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Arnold SCHOENBERG (1874-1951)
String Trio [20:53]
Schoenberg spricht - recording of Schoenberg introducing a broadcast of his String Trio May 1949 [3:46]
Anton WEBERN (1883-1945)
String Trio [12:04]
Movement for String Trio [2:23]
Alfred SCHNITTKE (1934-1998)
String Trio [26:06]
Goeyvaerts String Trio
rec. 11-13 August 2009, Partiki-Saal, Düsseldorf. Stereo. DDD
CHALLENGE RECORDS CC72375 [65:14]

Experience Classicsonline


What a great cover! In these days of bland, inoffensive cover art, it is great to see something that really jumps out at you. The ghoulish face is that of viola player Kris Matthynssens, who is clearly an asset for a group specialising in the more ghoulish of the chamber music repertoire, that of the late Expressionist and early Modernist early 20th century.
 
In fact, the cover image gives a good idea of the approach that the Goeyvaerts String Trio takes to the music of the Second Viennese School, for these are austere performances, angular and precise, and with the music's expressive capabilities always kept firmly at arm's length. That approach is ideal for the Webern, but both the Schoenberg and the Schnittke suffer, or at least become harder to access as a listener. None of the composers here, not even Webern, was a Modernist to the exclusion of every other musical aesthetic, but listening to this, you could mistake each of them for a fundamentalist.
 
The Schoenberg Trio is the main work on the disc, or at least it is historically the most significant. It is the great masterpiece of the composer's later years, and as such it deserves wider dissemination. Written during his recovery from a heart attack, the work is multifarious and episodic, darting off in a different direction seemingly every few seconds. This performance captures that sense of nervous, questing energy. What it doesn't do is linger in the strange and diverse musical environments that Schoenberg visits, if only in passing. Like the composer himself, they are always thinking about the next destination. The energy that this approach generates is addictive, and from the listener's perspective a welcome counterweight to the anti-Romantic austerity that otherwise characterises the performance.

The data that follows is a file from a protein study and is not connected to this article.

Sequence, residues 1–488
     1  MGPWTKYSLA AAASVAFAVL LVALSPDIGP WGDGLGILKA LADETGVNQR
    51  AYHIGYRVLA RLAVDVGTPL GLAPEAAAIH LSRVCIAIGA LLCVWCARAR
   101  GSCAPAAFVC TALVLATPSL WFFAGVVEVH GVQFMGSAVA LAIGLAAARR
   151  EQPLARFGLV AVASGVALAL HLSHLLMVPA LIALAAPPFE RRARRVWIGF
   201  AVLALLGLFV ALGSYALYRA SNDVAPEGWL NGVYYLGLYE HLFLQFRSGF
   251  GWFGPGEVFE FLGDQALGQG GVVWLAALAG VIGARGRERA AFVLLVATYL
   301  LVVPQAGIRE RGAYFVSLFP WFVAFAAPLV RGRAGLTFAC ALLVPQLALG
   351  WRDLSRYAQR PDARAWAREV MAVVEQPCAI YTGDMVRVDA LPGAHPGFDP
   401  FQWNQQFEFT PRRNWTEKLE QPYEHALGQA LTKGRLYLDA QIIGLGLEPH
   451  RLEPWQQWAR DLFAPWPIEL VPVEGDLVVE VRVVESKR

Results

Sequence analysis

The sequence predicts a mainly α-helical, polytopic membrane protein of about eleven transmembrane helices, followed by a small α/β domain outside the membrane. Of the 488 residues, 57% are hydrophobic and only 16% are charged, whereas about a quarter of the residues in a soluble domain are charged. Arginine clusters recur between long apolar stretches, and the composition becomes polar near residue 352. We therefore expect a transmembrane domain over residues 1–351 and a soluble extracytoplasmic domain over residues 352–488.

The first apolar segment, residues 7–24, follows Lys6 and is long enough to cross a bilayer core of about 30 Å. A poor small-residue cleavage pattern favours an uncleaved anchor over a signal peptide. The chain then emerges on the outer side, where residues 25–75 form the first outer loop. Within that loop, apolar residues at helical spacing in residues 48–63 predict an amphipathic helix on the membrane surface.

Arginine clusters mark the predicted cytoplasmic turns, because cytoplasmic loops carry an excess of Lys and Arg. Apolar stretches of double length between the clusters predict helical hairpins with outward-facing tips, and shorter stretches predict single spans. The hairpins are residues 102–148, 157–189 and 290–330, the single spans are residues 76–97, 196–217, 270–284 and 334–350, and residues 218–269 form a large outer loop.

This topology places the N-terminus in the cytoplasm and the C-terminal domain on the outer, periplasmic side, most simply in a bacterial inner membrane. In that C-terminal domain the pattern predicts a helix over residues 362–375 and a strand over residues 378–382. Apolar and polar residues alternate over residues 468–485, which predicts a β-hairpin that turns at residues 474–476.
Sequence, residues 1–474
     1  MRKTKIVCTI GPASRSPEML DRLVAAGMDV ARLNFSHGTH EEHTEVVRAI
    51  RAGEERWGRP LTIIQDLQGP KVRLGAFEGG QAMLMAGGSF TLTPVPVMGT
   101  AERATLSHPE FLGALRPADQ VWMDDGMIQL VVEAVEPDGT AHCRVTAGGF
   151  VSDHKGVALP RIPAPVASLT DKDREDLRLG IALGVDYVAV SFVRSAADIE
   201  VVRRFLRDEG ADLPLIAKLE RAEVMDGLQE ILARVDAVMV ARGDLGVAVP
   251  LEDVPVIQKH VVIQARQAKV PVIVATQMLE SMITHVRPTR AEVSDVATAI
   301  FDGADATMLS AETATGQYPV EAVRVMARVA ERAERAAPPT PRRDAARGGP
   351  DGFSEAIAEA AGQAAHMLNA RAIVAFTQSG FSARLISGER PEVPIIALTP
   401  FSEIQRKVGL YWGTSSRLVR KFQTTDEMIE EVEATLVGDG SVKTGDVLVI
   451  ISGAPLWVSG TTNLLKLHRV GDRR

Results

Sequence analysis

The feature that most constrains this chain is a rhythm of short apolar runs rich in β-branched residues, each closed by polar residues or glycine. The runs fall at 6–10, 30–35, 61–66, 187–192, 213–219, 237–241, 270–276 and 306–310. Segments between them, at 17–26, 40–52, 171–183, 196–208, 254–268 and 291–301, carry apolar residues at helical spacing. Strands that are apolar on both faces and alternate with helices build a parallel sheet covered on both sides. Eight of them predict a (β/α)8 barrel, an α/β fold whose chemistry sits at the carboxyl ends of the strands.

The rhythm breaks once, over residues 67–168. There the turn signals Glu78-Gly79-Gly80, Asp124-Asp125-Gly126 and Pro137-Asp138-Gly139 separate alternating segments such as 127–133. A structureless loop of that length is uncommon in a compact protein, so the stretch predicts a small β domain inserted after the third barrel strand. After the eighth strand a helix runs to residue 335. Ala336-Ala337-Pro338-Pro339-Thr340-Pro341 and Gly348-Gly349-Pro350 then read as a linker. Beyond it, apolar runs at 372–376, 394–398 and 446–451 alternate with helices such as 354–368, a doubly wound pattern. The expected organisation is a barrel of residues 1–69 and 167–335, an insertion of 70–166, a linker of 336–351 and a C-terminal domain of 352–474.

There is a delicacy about the playing of the two Webern works that is all too lacking from the Schoenberg and the Schnittke. As I say, these are the most successful of the performances of the disc, the rigour of the players' approach aligning closely with that of Webern's musical outlook. The sheer precision of the playing is palpable, the concentration on detail impressively conveying the composer's conviction that every note matters.
 
Schnittke's String Trio may seem like the odd one out in the programme, but actually it is a passable surrogate for a contribution from Alban Berg. For many, in Russia at least, Schnittke was the heir to Berg's art, and the String Trio is among his most Bergian creations, consciously so as it turns out, as it was written to commemorate the older composer's 100th anniversary. Having said that, you wouldn’t mistake it for Berg, it is too melodic, too tonal (if only transiently so), and too self-referentially post-modern. That last word evidently does not figure in the Goeyvaerts String Trio's musical vocabulary, and they choose instead to play the piece straight, as if it was by Berg.
 
The performance is not without nuance, liberal rubato for example is used to shape the phrases, but it lacks warmth. Of all the composer's represented, Schnittke is the one who really requires both a Romantic and a Modern sensibility, and this reading leans almost exclusively towards the latter. On the other hand, Schnittke writes music that demands interpretation, and the broader the range of interpretations available on record, the better it is represented. The Goeyvearts give us Schnittke the Modernist, which makes a refreshing change from the many, many recordings of this and other works from performers who are determined to cast him exclusively as a Romantic.
 
Like the interpretations, the recorded sound is on the austere side. The miking is close, giving a sense of involvement but little atmosphere. The balance is curiously top-heavy, a problem rarely associated with string trios. But again like the performance, the priorities for the audio appear to be precision and detail. Those weren't the only musical priorities for the composers of the Second Viennese School, but they were towards the top of the list.  

Gavin Dixon 

 

 

 

 

 

 

 

 

 

 

 

 

 

 

 

 

 

 

 

 

 

 

 

 

 

 

 

 

 

 

 

 

 


 


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